Technologies of Enchantment: Early Celtic Art in Britain
Project leader: J D Hill
Project start: 2005
End date: 2008
Other British Museum staff: Jody Joy
Other departments: Prehistory and Europe
Professor C Gosden, University of Oxford (Principle Investigator)
Professor John Mack, University of East Anglia (Co-Investigator)
Dr Duncan Garrow, University of Oxford
Arts Humanities Research Council www.ahrc.ac.uk/
This project aims to investigate the artefacts found in Britain between about 300 BC and 150 AD which have come to be known as ‘Celtic Art’. Although, in recent years, questions have been raised about whether the Celts actually did exist as a distinct group of people, the term ‘Celtic Art’ continues to be used to describe a group of distinctively decorated objects found right across Europe during the later Iron Age and early Roman periods.
The Celtic Art style incorporates abstract patterns, along with semi-abstract and naturalistic human, animal and plant imagery. It is clearly distinguishable from Roman and Greek Classical art of the same date. The majority of Celtic Art objects are made of metal (including bronze, iron, gold and silver). However, the distinctive decorative patterns are also found occasionally on objects made from bone, wood and pottery. Some of the most famous items are the torcs buried at Snettisham, the Battersea shield which was deposited in the River Thames, and several bronze mirrors found mostly in southern Britain.
In the past, Celtic Art has been analysed in much the same way as more recent paintings and sculpture: people have focused on the various motifs decorating the objects and discussed how they changed gradually over time. The aim of this project, however, is to place these undeniably beautiful artefacts back into their archaeological contexts and to investigate how they fitted into the Iron Age and Romano-British societies in which they were made.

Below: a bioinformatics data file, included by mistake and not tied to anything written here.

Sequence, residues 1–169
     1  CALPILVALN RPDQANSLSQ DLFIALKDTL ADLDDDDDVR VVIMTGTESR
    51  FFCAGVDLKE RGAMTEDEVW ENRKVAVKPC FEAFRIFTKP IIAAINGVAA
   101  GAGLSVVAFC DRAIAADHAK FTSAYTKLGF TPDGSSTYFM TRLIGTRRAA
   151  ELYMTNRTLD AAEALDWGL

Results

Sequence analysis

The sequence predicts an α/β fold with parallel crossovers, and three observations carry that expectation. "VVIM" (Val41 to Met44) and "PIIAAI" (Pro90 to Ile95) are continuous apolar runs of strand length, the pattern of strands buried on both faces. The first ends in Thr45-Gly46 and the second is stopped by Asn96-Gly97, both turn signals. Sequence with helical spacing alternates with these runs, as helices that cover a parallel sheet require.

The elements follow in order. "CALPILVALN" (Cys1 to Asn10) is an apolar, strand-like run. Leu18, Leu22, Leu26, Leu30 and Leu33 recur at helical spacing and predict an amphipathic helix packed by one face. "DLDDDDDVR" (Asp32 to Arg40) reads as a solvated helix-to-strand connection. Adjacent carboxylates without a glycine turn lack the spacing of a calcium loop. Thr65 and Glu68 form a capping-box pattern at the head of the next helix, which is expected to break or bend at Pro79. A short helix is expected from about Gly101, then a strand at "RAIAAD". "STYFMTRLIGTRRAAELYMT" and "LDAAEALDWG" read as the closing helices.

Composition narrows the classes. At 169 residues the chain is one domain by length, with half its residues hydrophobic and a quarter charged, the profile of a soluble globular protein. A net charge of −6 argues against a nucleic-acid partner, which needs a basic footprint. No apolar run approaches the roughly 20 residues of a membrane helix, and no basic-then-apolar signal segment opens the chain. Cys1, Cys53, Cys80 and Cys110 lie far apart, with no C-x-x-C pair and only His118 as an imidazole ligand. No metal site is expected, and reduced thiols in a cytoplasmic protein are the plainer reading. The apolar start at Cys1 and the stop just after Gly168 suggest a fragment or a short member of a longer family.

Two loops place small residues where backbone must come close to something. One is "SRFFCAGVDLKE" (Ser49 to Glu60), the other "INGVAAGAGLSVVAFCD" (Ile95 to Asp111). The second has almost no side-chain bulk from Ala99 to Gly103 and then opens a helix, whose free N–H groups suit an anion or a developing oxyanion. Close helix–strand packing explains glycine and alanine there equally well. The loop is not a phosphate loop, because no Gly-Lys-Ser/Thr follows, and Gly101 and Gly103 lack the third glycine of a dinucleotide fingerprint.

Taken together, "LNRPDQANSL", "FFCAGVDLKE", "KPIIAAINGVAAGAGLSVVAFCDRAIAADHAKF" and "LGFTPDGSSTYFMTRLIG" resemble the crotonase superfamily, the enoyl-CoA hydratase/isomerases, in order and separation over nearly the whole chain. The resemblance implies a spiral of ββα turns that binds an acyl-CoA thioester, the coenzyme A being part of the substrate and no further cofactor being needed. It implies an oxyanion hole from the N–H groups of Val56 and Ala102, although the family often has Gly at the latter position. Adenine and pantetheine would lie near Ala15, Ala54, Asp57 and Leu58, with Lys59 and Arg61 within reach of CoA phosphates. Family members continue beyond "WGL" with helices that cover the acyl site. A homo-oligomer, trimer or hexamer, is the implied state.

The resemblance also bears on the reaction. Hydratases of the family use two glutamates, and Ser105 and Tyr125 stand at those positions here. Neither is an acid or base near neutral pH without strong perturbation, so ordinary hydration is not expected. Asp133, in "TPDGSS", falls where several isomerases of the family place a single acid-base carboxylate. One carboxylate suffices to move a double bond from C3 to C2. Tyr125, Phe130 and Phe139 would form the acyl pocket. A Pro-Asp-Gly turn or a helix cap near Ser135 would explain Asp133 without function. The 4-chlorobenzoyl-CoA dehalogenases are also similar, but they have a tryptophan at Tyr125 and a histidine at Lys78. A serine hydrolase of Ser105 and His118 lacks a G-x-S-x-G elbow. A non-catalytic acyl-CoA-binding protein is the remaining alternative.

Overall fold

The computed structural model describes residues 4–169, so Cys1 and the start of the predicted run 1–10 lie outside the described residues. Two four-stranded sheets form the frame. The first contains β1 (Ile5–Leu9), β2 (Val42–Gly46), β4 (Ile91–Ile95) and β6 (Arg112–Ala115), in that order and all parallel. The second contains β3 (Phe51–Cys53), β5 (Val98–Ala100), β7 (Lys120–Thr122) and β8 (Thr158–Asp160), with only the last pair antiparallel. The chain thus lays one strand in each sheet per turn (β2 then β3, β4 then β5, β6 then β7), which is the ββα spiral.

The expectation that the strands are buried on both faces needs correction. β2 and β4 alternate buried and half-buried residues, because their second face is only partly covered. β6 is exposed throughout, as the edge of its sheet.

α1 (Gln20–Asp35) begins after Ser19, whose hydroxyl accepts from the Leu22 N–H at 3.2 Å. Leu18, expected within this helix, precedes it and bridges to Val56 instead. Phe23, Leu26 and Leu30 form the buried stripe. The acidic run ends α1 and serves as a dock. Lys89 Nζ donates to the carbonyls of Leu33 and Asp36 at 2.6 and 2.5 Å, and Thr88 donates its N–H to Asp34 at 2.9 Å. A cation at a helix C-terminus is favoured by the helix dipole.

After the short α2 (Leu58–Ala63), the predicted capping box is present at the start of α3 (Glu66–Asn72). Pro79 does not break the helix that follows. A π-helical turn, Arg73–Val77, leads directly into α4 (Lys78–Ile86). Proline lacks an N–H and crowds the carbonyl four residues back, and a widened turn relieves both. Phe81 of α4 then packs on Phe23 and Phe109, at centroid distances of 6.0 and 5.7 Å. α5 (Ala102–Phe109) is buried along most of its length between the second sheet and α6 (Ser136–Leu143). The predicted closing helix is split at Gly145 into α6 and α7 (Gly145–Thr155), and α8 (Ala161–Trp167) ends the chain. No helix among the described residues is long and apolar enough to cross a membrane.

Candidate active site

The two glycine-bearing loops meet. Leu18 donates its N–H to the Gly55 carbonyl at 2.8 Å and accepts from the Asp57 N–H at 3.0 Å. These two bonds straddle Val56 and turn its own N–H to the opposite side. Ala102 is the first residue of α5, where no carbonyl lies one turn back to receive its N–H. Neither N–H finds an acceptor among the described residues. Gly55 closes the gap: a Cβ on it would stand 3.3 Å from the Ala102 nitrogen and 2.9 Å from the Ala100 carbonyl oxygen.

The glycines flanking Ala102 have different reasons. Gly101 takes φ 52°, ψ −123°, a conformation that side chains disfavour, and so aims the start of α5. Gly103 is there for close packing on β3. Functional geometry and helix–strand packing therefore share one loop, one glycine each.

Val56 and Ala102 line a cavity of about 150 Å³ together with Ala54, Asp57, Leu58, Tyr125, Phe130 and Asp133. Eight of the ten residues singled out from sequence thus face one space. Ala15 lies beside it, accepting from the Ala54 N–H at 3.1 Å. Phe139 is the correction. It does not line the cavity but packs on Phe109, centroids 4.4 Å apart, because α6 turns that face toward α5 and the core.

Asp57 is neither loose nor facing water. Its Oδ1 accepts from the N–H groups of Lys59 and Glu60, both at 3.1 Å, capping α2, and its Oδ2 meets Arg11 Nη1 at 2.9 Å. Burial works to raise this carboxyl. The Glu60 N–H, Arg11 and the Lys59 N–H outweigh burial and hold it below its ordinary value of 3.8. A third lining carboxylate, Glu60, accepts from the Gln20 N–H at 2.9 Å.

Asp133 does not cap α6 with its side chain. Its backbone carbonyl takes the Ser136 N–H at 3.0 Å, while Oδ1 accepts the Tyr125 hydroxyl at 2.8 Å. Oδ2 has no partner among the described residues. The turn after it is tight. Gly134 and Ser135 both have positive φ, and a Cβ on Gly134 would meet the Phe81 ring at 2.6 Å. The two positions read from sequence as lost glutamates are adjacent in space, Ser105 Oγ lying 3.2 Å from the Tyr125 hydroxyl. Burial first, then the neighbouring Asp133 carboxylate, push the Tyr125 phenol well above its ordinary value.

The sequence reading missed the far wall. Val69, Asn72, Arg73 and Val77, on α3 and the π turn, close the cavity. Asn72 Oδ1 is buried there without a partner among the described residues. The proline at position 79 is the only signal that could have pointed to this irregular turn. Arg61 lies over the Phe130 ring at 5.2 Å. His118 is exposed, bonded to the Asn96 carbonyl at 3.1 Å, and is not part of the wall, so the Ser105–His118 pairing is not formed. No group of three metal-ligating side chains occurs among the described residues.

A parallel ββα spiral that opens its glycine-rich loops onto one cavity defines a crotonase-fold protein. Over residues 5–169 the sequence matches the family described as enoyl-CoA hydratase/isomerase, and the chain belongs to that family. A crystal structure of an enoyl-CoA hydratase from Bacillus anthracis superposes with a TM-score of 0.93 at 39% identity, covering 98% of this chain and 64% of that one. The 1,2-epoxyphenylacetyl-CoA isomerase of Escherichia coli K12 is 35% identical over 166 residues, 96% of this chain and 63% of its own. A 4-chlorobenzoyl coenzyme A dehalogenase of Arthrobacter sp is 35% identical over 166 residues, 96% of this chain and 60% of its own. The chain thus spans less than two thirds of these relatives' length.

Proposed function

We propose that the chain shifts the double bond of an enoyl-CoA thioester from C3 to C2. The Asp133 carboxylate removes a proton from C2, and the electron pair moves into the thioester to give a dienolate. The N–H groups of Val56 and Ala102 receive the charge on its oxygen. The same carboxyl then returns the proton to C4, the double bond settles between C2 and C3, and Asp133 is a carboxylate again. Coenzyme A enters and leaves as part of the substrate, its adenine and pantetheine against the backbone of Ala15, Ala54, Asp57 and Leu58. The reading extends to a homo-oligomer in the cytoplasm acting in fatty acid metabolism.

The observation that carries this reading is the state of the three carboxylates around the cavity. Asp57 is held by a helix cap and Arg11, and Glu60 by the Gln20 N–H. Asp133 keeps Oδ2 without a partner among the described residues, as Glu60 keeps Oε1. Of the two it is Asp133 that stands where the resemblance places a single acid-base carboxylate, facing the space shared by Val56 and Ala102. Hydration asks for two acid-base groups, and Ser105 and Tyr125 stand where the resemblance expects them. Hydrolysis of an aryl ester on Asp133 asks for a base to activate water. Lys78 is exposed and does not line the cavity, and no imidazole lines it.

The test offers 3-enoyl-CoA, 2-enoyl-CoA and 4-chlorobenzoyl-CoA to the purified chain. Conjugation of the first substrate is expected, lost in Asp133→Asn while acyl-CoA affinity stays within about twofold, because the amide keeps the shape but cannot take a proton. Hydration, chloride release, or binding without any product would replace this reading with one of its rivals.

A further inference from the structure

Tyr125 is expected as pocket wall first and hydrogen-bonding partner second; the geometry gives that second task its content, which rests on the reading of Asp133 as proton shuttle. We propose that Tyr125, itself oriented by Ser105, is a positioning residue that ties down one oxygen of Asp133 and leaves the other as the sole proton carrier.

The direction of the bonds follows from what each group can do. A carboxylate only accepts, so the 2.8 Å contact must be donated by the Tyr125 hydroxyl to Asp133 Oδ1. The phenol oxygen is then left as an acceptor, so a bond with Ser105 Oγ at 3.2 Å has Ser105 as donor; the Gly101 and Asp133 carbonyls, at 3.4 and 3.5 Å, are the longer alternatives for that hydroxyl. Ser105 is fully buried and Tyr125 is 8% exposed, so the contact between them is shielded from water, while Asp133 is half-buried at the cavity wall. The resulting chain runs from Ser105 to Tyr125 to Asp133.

The project seeks to understand why Celtic Art objects were made in the first place, how they were used and why they often seem to have been intentionally deposited in rivers or under the ground. The first task has been to compile a comprehensive database of all Celtic Art ever found in Britain. The database includes not only excavated finds, but also those recently reported by metal detectorists to the Portable Antiquities Scheme. As a result, the research team have been able to answer questions such as: in which regions of Britain different types of objects were used, what kinds of sites they were found on, exactly when they were made in, and what kinds of materials they were made from.
The transitions which occurred in Britain around 100 BC, and after 43 AD (when the Roman army invaded Britain), represent key points of social and economic change in Britain’s past. During the first century BC, the traditional, communal form of life shifted rapidly to a world where certain individuals became more important. During the first century AD, Britain became fully a part of the Roman Empire. In studying Celtic Art over the whole of this period, the team hopes to discover what role these objects played in these changes. What kinds of activities were they drawn in to? What did they mean to people? Were objects such as torcs and swords symbols of power? And why did such different things as brooches and mirrors, weapons and chariot gear come to be decorated in similar ways?